The FIM will be delivering two key presentations to a respected international audience of motorcycle safety experts. The IfZ Conference, this year being held online due to COVID-19, is the only international conference exclusively dedicated to the safety of motorcyclists.
Today, one of the presentations comes from FIM Europe and one of our members, SMC Sweden. Jesper Christensen, Dimitris Margaritis and Maria Nordqvist are the authors of one study ”Traffic violations of motorcycle riders in fatal and serious injuries accidents in Sweden." The presenter, Maria Nordqvist, describes the facts behind fatally and seriously injured riders. SMC has collected and analyzed accident data from in-depth studies and from STRADA (Swedish Traffic Accident Data Acquisition) and compared these accidents with information from the vehicle and license register.
In the presentation, Maria shows that one third of the riders in the fatal accidents the rider didn’t have a valid license. In the group without a license, 73% were drunk, had used drugs or both. 77% in this group were riding an illegal motorcycle. The share of riders without a license is also high (about one third) among the severely injured riders. In this group many were riding a motorcycle they didn’t own and 21 % of them were not legal to use on the roads. This is in contrast to Swedish riders in general who are shown to be safer than other road users according to multiple studies. SMC states that it is obvious that traditional road safety measures do not work in this group. Measures like lower speed limits and more median barriers will not reduce these accidents. A complicated and expensive license education is counterproductive and is not a solution. It is important to raise awareness about the problem and the high risk of serious accidents.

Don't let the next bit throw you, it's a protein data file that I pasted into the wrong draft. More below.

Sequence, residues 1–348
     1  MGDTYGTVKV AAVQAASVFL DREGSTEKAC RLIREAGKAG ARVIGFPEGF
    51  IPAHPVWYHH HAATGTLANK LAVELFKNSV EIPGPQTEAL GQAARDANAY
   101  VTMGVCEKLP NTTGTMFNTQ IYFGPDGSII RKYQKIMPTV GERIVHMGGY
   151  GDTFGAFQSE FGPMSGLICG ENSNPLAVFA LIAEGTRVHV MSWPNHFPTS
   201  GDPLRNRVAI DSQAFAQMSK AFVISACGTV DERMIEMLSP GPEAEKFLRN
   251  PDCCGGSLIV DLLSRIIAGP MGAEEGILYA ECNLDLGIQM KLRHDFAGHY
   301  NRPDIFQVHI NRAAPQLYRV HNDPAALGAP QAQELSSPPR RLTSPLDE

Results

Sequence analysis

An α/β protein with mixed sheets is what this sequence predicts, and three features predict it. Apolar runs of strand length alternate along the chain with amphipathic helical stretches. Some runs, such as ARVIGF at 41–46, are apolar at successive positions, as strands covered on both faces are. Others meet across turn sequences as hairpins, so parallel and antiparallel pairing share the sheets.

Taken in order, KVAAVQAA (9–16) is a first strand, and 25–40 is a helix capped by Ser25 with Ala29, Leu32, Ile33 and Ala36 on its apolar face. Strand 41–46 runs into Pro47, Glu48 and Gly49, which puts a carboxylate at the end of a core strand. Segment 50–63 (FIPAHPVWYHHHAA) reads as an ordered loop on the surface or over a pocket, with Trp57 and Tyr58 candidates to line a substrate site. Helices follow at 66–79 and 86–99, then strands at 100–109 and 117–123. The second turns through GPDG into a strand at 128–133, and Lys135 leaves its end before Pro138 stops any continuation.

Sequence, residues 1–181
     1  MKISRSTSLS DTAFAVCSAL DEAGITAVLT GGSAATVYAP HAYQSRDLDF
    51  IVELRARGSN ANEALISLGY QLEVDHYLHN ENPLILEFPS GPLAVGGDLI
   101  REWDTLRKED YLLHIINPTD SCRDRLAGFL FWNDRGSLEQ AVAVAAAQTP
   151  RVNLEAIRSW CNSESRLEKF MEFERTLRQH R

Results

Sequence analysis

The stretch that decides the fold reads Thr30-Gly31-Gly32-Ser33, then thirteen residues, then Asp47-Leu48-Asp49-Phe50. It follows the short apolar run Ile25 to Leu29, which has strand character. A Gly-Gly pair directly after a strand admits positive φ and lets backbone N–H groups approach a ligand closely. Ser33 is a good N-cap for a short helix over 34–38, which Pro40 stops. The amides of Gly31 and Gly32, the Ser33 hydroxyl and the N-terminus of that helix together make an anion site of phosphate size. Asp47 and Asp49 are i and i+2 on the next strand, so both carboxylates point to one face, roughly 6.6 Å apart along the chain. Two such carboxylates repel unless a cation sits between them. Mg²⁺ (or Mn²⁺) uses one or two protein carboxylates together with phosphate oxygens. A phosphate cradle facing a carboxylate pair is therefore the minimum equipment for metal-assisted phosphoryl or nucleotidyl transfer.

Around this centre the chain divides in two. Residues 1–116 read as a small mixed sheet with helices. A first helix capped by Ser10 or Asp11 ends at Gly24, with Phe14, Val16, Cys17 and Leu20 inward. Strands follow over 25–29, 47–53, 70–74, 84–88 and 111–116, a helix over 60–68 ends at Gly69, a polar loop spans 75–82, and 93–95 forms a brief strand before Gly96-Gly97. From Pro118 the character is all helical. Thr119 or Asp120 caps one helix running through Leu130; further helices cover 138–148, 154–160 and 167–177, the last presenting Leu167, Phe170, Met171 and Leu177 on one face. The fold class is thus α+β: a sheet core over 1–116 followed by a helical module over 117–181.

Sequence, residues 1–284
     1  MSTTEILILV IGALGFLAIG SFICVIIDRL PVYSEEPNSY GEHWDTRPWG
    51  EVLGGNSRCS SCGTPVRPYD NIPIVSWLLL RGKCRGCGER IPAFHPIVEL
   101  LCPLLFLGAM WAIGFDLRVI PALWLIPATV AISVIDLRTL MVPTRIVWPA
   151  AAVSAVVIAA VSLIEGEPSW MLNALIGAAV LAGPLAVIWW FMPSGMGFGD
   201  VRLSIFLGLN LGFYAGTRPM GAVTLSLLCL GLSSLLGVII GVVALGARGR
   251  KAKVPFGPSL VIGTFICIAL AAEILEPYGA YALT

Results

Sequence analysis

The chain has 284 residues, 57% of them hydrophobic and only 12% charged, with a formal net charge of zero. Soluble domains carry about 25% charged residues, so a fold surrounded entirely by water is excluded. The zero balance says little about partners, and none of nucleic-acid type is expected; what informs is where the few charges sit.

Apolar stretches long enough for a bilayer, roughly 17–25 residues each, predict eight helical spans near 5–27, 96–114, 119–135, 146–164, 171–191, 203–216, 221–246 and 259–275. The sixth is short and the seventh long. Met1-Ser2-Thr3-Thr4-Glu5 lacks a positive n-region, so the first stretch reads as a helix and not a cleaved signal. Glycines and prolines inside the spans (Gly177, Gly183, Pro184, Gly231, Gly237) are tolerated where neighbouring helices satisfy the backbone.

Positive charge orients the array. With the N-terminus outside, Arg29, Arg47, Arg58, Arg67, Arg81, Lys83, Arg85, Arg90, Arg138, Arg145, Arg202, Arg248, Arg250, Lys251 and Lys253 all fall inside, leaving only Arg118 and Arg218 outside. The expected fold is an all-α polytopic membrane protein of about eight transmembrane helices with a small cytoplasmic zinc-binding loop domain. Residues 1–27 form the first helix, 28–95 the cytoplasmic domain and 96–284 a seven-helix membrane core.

FIM and SMC have also sponsored another study which will be presented at the IfZ conference: “The Dynamics of Motorcycle Crashes - Focus on Advanced (Antilock) Braking Systems and Post-Crash Motion.” Again, Dimitris Margaritis is one of the authors alongside Elaine Hardy (UK), James V Ouellet (USA) and Martin Winkelbauer (Austria). The study describes an online survey that was carried out in 2019 which focused on motorcyclists who had been involved in a crash. The survey was disseminated throughout Europe, the USA, Canada, Asia, Australia and South America in order to get as much of a global response as possible. A sample of 1,578 motorcycle riders from 30 different countries answered a questionnaire with 39 questions on different parameters of crashes. Particular focus was put on questions most relevant to motorcycles like the use of protective equipment and assistance systems, in particular ABS. The survey’s overall results highlight the relationship between speed, protective equipment, assistance systems and injuries, as well as how post-crash motions change the patterns of crash occurrence and injury outcome. The presentation is made by Elaine Hardy.
See the presentations click HERE